We found poor evidence that corticosteroid use is detrimental. It is suggested that corticosteroids provoke prolonged wound healing, increased risk of infection, masking of early signs of sepsis, severe gastrointestinal bleeding and increased mortality. Thirty patients with SJS or TEN were included in an uncontrolled prospective study. The first 15 patients received corticosteroids, and the mortality rate was 66%. Therefore, the next 15 patients were treated without corticosteroids, and the mortality rate was 33%. Both groups were similar in other aspects. However, 11 of the 15 patients treated without corticosteroids had taken corticosteroids before referral. Thus no conclusion can be drawn about exclusive early administration of corticosteroids.15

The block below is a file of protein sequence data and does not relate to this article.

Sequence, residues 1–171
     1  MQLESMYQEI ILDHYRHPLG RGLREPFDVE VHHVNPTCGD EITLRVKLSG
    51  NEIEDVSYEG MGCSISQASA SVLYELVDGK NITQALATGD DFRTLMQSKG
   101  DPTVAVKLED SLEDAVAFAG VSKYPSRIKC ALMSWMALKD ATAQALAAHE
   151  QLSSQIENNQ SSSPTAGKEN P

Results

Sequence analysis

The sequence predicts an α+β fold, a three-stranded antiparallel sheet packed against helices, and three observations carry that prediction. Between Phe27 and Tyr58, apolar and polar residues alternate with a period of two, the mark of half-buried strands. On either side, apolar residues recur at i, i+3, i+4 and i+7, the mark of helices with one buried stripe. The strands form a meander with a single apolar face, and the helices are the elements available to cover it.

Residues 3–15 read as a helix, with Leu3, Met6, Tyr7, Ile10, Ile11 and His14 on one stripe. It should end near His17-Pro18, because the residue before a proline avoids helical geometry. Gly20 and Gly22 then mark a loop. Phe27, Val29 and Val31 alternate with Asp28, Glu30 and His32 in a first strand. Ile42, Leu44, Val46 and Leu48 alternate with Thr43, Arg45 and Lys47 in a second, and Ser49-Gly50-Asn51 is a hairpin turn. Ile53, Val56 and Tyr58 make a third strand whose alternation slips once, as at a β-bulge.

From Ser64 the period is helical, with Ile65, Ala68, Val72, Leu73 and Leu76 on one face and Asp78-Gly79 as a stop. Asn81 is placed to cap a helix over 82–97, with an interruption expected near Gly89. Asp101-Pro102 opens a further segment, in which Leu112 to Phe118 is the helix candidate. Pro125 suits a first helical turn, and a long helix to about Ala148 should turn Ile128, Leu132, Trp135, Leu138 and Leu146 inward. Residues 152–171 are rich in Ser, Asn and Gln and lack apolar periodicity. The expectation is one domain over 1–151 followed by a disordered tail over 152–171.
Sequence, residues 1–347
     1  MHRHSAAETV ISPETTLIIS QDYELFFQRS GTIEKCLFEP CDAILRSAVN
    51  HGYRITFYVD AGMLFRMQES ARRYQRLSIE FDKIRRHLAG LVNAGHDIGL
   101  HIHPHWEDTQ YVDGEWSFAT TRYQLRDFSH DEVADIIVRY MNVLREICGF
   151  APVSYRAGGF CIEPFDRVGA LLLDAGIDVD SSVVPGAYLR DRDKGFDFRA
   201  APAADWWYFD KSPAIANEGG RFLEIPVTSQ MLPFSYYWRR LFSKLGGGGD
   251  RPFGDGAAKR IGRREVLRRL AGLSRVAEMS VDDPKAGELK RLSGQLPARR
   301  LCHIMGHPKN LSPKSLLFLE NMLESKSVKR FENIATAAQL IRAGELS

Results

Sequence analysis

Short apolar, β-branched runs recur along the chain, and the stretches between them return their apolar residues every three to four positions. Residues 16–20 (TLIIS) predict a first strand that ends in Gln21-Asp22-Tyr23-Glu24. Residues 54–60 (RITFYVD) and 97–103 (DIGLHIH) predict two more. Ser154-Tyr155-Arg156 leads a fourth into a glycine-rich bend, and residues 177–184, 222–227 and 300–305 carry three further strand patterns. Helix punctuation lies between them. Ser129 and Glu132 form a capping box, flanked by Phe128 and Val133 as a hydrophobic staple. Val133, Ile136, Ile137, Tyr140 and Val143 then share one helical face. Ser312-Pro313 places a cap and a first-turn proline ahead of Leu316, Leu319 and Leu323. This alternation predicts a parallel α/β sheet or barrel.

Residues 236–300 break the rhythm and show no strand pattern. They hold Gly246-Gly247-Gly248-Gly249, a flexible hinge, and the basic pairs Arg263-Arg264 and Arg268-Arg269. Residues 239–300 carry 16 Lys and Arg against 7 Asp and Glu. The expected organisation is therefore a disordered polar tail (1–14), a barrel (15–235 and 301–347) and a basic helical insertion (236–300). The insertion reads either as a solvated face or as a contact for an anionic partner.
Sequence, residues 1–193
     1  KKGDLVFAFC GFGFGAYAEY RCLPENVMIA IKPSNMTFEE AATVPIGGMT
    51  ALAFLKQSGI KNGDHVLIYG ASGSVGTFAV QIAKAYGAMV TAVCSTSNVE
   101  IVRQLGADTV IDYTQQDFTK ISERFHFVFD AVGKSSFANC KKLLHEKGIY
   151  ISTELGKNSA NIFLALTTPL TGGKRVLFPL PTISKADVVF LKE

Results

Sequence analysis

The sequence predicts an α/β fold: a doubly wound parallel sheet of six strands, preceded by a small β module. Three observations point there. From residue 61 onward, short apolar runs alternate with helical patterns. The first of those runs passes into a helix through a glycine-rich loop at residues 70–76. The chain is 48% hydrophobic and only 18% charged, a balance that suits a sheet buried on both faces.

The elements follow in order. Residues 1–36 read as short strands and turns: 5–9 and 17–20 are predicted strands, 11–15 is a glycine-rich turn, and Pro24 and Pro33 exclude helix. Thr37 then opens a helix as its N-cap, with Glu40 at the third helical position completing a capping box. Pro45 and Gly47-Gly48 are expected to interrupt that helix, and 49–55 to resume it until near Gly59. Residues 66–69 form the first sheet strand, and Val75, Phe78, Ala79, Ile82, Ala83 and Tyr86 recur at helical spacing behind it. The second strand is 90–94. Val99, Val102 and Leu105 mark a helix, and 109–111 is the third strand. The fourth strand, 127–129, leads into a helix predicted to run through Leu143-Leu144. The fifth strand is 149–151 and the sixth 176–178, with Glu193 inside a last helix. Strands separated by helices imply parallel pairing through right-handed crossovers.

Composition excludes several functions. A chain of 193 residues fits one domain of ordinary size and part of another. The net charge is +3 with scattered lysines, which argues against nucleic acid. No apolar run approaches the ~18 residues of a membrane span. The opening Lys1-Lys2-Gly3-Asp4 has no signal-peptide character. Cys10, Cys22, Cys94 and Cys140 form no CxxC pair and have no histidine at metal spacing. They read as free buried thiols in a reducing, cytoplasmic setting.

In a retrospective study, a multivariate analysis of prognosis factors showed that corticosteroid therapy is an independent factor for increased mortality.16 Other series seem to come to the same conclusion.17 Moreover, many cases of TEN occur during treatment with high doses of corticosteroids for pre-existing disease. Data from 216 patients with TEN were investigated in a retrospective study; 11 of them had been treated with corticosteroids for at least a week before the first sign of TEN (from 1 week to several months, at doses of 7-5-325 mg prednisolone/day).18 In another series of 179 patients, 13 were undergoing long-term glucocorticosteroid therapy before TEN developed. Compared with 166 other cases, these patients had a longer delay between the introduction of the suspect drug and the onset of TEN, and a longer time elapsed between the first symptom of TEN and hospital admission. No other differences were observed.19

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